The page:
12th February 2024|In Latest News, Cohabitation

Cohabitation Rights & Agreements – Part 2 of 3 – Understanding Property Ownership and Beneficial Interest

This is the second instalment of our blog series, aimed at guiding you through the legal intricacies of cohabitation. It’s important to note the information provided here is for general educational purposes only. For advice specific to your circumstances, we encourage direct consultation with a legal expert. Our family law specialists are on hand on 0333 344 6302 or via email at info@blanchardslaw.co.uk.

Understanding the significance of a cohabitation agreement requires some knowledge of the laws governing UK property ownership, which distinguishes between legal and beneficial ownership. Being listed on the property deeds indicates legal ownership, whereas beneficial ownership implies you have rights to the property’s income or sale proceeds despite not being on the deeds.

Property ownership for parties on the deeds can manifest in two forms:

  • Joint Tenancysignifies a 50/50 ownership. Upon the death of one owner, their share automatically transfers to the surviving owner, a principle known as the Right of Survivorship.
  • Tenancy in Common represents an ownership where shares are not necessarily equal. This arrangement allows for the property to be held in shares that reflect each party’s financial contribution. Unlike Joint Tenancy, there is no automatic transfer of shares upon death; instead, the deceased’s share is handled according to their will.

For many cohabitating couples, only one partner may be listed on the deeds. Nevertheless, it’s possible for the non-listed partner to possess a beneficial interest in the property, a concept crucial to understanding one’s rights. Beneficial interest is pivotal as it allows a party to have an economic stake in a property without being a legal owner or sharing the property as Joint Tenants or Tenants in Common. One aim of a cohabitation agreement is to set clear terms regarding beneficial interest.

Establishing beneficial interest can occur in two ways:

  • Through significant contributions to the property, such as renovations that enhance its value or by covering a substantial portion of the mortgage. The key factor is the significance of the contribution, which must meet a certain threshold to be considered. After all, had the non-owning party not lived in the property, they would have been paying rent elsewhere, so simply contributing a small amount each month is no guarantee of securing beneficial interest.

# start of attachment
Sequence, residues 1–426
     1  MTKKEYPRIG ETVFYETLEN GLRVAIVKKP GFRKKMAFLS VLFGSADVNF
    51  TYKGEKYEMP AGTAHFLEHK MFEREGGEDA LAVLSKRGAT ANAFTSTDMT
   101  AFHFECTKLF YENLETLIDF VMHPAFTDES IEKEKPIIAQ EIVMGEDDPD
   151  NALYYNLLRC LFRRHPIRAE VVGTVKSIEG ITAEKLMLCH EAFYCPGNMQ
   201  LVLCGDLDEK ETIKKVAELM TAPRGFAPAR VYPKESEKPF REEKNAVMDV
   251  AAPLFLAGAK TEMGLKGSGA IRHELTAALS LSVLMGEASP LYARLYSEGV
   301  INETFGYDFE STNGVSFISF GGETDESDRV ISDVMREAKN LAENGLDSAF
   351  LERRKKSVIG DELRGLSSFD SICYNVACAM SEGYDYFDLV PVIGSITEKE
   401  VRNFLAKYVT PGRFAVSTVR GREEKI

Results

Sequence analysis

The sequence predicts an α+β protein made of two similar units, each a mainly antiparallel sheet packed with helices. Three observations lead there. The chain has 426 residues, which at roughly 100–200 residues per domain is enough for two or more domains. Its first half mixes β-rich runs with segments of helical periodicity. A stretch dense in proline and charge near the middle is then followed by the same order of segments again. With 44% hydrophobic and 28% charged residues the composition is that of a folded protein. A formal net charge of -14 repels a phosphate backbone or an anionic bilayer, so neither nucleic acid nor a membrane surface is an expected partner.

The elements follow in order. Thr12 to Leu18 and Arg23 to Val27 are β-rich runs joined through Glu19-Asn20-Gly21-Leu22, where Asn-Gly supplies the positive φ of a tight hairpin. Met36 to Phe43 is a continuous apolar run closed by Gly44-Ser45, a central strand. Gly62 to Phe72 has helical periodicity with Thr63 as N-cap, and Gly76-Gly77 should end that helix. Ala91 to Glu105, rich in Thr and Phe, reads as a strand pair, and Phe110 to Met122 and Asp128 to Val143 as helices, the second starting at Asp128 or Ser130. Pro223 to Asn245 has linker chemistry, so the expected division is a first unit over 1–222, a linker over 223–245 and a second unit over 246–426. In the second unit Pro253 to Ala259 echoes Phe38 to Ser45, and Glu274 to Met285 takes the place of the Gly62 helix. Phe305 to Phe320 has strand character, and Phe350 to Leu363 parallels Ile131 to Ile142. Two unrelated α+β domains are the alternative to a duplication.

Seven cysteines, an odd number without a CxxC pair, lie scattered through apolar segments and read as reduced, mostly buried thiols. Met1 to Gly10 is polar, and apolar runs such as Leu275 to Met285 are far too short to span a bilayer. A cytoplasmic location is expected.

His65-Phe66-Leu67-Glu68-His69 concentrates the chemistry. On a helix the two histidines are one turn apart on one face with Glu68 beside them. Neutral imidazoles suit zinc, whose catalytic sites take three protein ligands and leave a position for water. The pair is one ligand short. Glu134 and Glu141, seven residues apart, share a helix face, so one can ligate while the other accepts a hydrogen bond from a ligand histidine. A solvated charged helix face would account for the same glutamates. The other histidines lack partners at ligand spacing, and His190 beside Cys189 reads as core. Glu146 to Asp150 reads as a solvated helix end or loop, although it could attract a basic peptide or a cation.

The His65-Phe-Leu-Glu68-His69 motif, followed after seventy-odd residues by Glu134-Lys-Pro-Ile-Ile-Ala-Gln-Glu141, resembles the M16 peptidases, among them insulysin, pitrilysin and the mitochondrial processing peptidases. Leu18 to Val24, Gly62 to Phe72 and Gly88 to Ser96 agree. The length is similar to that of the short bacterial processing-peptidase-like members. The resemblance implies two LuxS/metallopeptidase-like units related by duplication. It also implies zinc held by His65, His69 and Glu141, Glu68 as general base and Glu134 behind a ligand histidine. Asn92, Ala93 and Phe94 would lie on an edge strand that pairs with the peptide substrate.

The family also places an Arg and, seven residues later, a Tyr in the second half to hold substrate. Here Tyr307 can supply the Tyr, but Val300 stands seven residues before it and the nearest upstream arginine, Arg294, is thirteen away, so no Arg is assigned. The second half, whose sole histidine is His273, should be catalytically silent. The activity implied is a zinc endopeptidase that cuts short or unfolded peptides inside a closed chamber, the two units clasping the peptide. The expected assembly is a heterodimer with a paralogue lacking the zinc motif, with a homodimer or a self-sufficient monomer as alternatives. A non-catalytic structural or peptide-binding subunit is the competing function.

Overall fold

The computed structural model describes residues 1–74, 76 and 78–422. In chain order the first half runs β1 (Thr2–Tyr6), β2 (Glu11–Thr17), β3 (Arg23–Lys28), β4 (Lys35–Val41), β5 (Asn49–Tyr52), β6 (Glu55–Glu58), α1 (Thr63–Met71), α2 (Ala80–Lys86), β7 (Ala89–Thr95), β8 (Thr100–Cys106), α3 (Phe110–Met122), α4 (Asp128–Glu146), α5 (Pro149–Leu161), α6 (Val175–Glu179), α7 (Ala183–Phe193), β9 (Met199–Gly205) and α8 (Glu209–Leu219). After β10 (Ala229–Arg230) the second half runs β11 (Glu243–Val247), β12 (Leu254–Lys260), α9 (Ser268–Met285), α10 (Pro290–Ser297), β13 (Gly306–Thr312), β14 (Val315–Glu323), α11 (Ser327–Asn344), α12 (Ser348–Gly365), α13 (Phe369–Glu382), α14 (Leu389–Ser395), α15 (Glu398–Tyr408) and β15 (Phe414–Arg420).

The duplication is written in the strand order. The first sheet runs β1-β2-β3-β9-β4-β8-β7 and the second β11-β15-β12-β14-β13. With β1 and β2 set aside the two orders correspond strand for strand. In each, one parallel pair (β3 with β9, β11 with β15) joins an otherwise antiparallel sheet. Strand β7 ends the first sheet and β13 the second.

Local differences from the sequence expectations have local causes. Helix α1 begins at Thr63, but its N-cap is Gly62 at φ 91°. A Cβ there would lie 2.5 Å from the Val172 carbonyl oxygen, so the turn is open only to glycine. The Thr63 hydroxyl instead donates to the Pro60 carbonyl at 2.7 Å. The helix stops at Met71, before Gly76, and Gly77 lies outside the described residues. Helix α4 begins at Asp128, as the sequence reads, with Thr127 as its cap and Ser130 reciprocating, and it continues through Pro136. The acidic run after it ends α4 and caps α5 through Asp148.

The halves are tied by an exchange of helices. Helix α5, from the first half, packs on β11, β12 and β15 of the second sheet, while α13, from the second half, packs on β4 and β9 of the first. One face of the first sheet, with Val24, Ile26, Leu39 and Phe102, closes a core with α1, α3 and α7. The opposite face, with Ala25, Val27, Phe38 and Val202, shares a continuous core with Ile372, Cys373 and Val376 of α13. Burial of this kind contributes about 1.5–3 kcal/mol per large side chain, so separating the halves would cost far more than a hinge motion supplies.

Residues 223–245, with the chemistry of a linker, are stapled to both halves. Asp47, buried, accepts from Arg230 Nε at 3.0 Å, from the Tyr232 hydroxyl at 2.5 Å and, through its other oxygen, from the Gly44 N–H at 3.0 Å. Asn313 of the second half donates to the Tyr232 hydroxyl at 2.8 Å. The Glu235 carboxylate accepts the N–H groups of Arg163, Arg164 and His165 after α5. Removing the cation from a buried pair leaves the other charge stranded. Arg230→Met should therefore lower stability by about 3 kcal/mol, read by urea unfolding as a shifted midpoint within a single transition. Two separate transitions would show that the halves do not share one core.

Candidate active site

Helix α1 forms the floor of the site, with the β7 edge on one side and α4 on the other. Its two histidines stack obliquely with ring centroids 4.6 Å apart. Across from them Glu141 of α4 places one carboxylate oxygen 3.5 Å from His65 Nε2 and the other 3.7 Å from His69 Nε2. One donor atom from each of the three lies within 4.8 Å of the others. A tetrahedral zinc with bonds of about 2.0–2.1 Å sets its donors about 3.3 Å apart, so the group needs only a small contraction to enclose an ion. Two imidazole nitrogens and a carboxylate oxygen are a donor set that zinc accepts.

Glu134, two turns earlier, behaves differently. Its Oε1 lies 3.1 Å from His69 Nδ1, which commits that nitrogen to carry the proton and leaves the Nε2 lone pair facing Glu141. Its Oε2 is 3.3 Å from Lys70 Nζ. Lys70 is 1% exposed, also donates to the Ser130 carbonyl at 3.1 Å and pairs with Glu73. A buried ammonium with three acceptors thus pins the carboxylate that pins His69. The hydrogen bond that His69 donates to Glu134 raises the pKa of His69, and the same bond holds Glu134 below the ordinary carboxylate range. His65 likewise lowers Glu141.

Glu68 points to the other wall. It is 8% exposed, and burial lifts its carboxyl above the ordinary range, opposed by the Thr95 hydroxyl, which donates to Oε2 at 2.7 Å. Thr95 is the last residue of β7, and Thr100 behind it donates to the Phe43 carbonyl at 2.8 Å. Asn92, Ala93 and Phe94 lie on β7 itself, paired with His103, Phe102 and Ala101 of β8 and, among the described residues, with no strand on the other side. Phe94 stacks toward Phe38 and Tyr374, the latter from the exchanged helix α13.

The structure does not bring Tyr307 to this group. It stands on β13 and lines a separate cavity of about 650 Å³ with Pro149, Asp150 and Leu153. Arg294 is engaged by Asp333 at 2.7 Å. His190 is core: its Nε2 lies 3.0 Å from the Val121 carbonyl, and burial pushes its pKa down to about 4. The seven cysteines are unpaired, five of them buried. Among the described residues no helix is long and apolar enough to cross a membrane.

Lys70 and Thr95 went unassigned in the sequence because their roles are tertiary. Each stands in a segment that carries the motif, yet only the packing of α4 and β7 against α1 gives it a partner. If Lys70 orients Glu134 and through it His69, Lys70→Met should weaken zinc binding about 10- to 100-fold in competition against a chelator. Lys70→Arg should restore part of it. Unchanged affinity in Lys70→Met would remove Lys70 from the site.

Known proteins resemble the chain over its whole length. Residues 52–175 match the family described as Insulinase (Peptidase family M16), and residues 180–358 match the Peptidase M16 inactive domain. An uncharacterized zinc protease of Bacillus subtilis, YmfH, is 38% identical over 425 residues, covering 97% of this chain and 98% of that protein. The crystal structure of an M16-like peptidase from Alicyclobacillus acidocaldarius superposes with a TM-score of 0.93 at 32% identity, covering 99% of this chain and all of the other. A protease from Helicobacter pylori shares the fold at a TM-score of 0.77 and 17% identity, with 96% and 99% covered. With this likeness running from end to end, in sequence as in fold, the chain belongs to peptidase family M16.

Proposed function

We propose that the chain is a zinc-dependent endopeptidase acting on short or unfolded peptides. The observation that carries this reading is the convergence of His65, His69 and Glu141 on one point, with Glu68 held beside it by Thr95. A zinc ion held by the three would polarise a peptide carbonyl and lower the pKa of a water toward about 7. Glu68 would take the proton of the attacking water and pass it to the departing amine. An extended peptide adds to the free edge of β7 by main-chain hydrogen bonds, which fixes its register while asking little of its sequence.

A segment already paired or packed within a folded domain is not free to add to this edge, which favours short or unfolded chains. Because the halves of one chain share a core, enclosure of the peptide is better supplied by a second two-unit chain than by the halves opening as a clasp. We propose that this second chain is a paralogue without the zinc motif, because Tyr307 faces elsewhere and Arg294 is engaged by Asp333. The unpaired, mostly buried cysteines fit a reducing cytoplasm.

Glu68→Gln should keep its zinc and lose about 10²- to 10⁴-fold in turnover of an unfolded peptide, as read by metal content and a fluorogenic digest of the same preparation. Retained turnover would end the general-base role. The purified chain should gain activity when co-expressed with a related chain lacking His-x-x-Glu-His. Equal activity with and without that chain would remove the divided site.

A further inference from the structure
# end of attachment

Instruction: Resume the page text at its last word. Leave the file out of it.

• Alternatively, beneficial interest can be established through expressed intent. If the property’s legal owner clearly indicates a willingness to share ownership, supported by tangible evidence, the non-owning party may claim a beneficial interest. For example, if a non-owning partner opts not to purchase a separate property based on the other’s assurance that the current home is shared, and if this decision results in financial sacrifice, they may have a legitimate claim to a beneficial interest in the property.

The problem with intent is that it depends on supporting evidence, and this is one of the reasons cohabitation agreements that set out clear expectations are so important. For further information on cohabitation rights and agreements, be sure to explore parts 1 and 3 of this blog series.

Can we help you? Please call us on 0333 344 6302 or contact us through our enquiry form. All initial enquiries are free and without obligation.

Can we help you? Please call us on 0333 344 6302 or contact us through our enquiry form. All initial enquiries are free and without obligation.

Can we help you? Please call us on 0333 344 6302 or contact us through our enquiry form. All initial enquiries are free and without obligation.